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MLB lockout expected to delay 2022 season, push back Opening Day

Matt Johnson
MLB lockout, MLB Opening Day
Kamil Krzaczynski-USA TODAY Sports

The Major League Baseball season and 2022 Opening Day are now increasingly likely to be delayed thanks to the MLB lockout that started on Dec. 2, 2021.

When the collective-bargaining agreement between the league and MLB Players Association ended, commissioner Rob Manfred and MLB owners implemented a lockout. It froze all MLB-related offseason transactions, prevents teams from holding workouts and barred players from communicating with staff.

League officials imposed the lockout as a means of obtaining leverage of the players. Both sides expressed optimism in December and January that a new CBA would be reached well in advance of the 2022 MLB season and hoped spring training wouldn’t be interrupted.

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However, a recent proposal from MLB this week to the players’ union went nowhere. It only came after the league requested the Federal Mediation and Conciliation Service to step in, an offer rejected by the MLBPA because it didn’t believe MLB was negotiating in good faith and bringing in a third party wouldn’t resolve any issues (ESPN).

A recent meeting between the two sides offered little reason for optimism. According to Joon Lee of ESPN, the MLBPA came away ‘unimpressed’ by the league’s differ. Entering the third week of February, both MLB and the players’ union agree that they are operating on ‘different paradigms’ regarding core economic issues in their CBA proposals.

Spring training games are scheduled to begin in the last week of February, with players originally scheduled to report in the next few weeks. However, the MLB lockout is now pushing spring training to the side with increased skepticism.

Ken Rosenthal and Evan Drellich of The Athletic wrote Friday that there is now no reason to believe the MLB season starts on time. While Opening Day is scheduled for March 31, MLB provided players with a specific date for a new CBA to be reached before the start of the 2022 season is officially delayed.

Already 75 days into the MLB lockout, long past the date when pitchers and catchers were supposed to report for spring training, there is seemingly no end in sight.

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A lockout can only be imposed and lifted by MLB, with the league using it to try and encourage players to take their offer by freezing all movement as long as possible. While the last three MLB lockout (1973, ’76, ’90) all ended before the season began, Opening Day is in serious jeopardy this year.

The two sides have reached agreements on non-economic issues. Among them, the National League is introducing the universal designated hitter next season, the MLB playoffs will be expanding and teams will no longer receive draft-pick compensation for letting a player walk in free agency.

At the heart of the issue for both sides is money. While MLB revenue dropped in 2020 due to the COVID-19 pandemic, it enjoyed record-setting numbers for years before that. League revenue is also trending upwards post-pandemic, but team payrolls are declining.

MLB earned $10.3 billion in revenue from the 2019 season, blowing past its record-setting marks a year prior. Despite the data from this season being undisclosed, the Atlanta Braves setting franchise records for revenue before winning the World Series suggests the league is turning things around.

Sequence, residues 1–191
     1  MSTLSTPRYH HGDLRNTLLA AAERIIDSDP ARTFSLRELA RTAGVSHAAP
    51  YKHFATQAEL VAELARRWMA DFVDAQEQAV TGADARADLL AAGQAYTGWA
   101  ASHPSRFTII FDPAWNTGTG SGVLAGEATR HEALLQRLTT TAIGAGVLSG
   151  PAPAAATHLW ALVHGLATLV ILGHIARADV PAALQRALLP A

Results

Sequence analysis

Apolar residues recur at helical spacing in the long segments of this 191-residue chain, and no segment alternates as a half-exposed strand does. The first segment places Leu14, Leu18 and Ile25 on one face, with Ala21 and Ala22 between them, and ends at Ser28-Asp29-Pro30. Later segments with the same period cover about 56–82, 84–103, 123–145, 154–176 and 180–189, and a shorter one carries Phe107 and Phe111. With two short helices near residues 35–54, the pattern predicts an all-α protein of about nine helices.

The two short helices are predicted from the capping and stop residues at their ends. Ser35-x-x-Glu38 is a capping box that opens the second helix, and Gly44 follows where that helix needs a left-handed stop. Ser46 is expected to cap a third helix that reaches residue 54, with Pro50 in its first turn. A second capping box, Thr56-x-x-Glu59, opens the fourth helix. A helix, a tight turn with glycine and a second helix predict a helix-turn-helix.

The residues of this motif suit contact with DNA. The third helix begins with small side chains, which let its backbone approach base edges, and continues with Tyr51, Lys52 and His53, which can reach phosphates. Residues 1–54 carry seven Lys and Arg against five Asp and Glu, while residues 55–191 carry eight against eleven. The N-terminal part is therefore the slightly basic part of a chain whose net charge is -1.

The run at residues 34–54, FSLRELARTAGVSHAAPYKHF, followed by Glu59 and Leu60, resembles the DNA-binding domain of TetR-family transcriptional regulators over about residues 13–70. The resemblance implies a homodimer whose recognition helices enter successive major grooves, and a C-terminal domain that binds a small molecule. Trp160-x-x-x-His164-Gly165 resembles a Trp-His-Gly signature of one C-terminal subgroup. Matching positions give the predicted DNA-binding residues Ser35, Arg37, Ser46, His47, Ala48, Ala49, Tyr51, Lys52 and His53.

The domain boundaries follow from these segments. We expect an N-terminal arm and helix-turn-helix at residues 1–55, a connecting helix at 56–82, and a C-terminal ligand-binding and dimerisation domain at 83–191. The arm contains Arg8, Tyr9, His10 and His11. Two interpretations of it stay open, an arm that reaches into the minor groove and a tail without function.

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However, teams are spending significantly less than before. The Associated Press found in April 2021 that MLB salaries dropped 4.8% in two years and Forbes reported in December that total payrolls were reduced by $168 million from the 2019 season.

With new TV contracts signed and Apple preparing a bid to broadcast MLB games, TV revenue and streaming will provide billions of dollars for the league in the coming years. As a result, the MLBPA is pushing for structural changes to compensation.

The players’ union wants to raise the minimum salary ($570,500) in the next CBA, pushing for $775,000. It would still be the lowest minimum player salary of the major American sports, but represents a significant raise for a significant percentage of the player population. The MLBPA also wants to raise the luxury tax threshold to $245 million, a move to increase spending and to incentivize competition.

In the latest proposal from MLB, the league offered a new tiered system for minimum salary. Teams could offer either $615,000, $650,000 or $725,000 to players with 0-3 years experience. However, clubs would be locked into those figures and couldn’t go over. MLB also proposed a straight $630,000 minimum on the first year of a contract and teams could offer raises, but that also included the MLBPA to give up ground on other key issues.

One major difference between the two sides is the pre-arbitration bonus pool. With MLB refusing to move off of service time manipulation, keeping a young talent in the minors additional time to gain another year of contract control, the MLBPA wanted a bonus pool for the best, young players on their first contracts.

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Both sides are willing to agree to a system where any pre-arbitration players who finish top-30 in Wins Above Replacement or are a finalist for an MLB award, will receive a higher salary from a created bonus pool. However, MLB is offering a $15 million pool and the players’ union is holding to $100 million.

While there are other sticking points in negotiations (increasing team spending, tanking, revenue sharing), the highlighted issues are the biggest roadblocks. Considering how far apart the two sides are, expect the MLB lockout to result in Opening Day being postponed and the MLB season being pushed back for the second time in three years.